As a former homebuilder (and a marketer), I know how easy it is to get so used to a homebuilding marketing message that you aren’t even sure how it sounds to someone else. I know that if I repeat something often enough it eventually sounds “normal” to me. I know what I mean when I use certain words, and it’s easy to assume that the people I’m trying to communicate with understand things exactly as I do.
Looking back, I suspect there were times when former clients wondered if we were even speaking the same language!
It’s helpful to take a step back and evaluate your marketing efforts. Sometimes you need to look at your messages from a slightly different perspective (your prospects’ point of view) to see if the right message is getting through. But how can you do that if you’re so familiar with your own message that you’re no longer objective and don’t even recognize when you’re using insider jargon rather than presenting a clear message?
Here’s a suggestion for evaluating your marketing efforts that can help you eliminate the “bull” from your messaging—and make sure you’re talking to prospects in a way that makes sense to them.
Pull members of your team together (not just marketing and sales) for a game of “Marketing Bull.” If possible, use a big screen to make it easy for everyone to see, and go through your company website as a group. If you have some trusted colleagues from outside your industry, ask them to join you.
Read every page out loud. Whenever you encounter a phrase or a concept that’s vague, meaningless, confusing or flat-out wrong, someone gets to yell, “BULL!” If you want, you can keep score and award some kind of prize to the person with the best “Bull Detector.”
The idea isn’t to humiliate your marketing team, so another option instead of yelling, “Bull!” every time you come across a phrase or concept that’s unclear or presumptive, you could simply use a bell or a clicker or something else that makes a noise. The real point of this exercise is to highlight phrases within your marketing messages that are ambiguous, unhelpful or even misleading.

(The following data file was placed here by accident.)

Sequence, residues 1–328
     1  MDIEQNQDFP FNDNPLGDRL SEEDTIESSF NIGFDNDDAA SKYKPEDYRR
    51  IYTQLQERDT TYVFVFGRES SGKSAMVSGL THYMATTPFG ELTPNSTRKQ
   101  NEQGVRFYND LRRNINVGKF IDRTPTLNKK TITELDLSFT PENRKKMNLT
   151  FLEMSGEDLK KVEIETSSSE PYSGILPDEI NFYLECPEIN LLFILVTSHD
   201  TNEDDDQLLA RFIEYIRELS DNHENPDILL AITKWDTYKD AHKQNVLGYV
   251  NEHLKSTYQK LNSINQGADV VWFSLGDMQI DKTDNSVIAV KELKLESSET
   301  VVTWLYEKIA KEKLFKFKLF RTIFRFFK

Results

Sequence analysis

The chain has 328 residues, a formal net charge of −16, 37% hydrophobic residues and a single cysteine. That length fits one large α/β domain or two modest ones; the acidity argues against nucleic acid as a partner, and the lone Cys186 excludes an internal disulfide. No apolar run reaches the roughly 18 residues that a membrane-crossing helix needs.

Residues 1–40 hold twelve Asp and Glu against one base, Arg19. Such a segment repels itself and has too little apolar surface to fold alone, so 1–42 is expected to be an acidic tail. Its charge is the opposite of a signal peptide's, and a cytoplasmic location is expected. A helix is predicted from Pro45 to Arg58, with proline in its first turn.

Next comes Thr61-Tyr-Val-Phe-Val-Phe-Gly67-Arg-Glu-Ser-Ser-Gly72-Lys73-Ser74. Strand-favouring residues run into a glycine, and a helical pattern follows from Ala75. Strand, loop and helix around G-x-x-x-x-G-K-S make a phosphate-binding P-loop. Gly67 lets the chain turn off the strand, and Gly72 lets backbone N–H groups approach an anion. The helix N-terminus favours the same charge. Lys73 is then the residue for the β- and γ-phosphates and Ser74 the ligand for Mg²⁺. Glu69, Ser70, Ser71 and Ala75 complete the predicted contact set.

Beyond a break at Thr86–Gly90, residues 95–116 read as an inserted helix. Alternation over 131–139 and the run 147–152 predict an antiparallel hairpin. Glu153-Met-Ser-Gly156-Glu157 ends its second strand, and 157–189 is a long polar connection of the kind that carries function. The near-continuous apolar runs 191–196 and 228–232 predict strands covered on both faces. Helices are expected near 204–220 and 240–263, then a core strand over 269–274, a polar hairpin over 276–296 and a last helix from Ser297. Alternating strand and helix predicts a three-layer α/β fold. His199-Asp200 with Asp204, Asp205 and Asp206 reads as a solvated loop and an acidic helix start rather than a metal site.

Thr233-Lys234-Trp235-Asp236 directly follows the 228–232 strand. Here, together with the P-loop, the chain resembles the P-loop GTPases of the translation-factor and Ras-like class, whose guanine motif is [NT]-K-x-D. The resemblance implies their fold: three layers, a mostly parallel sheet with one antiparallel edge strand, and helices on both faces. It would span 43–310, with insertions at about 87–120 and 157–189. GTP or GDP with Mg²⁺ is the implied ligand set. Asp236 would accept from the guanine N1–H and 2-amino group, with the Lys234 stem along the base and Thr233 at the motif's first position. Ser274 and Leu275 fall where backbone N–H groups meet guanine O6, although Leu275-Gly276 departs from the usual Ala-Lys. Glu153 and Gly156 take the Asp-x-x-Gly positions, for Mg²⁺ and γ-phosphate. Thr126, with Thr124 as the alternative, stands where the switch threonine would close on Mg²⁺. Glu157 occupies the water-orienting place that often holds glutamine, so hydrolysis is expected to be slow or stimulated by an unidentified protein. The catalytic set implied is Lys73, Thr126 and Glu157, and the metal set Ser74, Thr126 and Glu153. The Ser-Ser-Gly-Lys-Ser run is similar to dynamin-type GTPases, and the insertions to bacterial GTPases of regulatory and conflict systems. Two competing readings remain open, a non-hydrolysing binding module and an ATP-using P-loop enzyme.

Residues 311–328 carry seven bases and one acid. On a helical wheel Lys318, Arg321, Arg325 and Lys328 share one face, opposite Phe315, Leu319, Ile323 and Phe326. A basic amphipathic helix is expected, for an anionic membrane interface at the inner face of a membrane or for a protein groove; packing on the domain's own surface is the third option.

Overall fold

But don’t stop there. It’s not enough to identify verbiage as insider jargon or vague “marketing-speak.” Talk about what the concept is really about. What point are you really trying to make? Here are a couple of quick examples.
We build quality into every ACME home!
“Bull!” That may actually be a true statement, but what does it mean? What does quality look like? How does it affect the homeowner? What specifically do you do that your competitors don’t? Where will homeowners see the quality?
You always get more with an ACME-built home!
“Bull!” Again, it’s possible that you offer more than your competitors, but what is it exactly? More what? More size, more finishes, more choices? Do you offer more of what really matters to the customer? If you do, spell it out specifically.
Homeowners want to do business with a company they can trust. If they don’t understand what you’re offering, how can they trust you? Think through what it is you have to offer and make sure your prospects understand what they’re getting when they do business with you.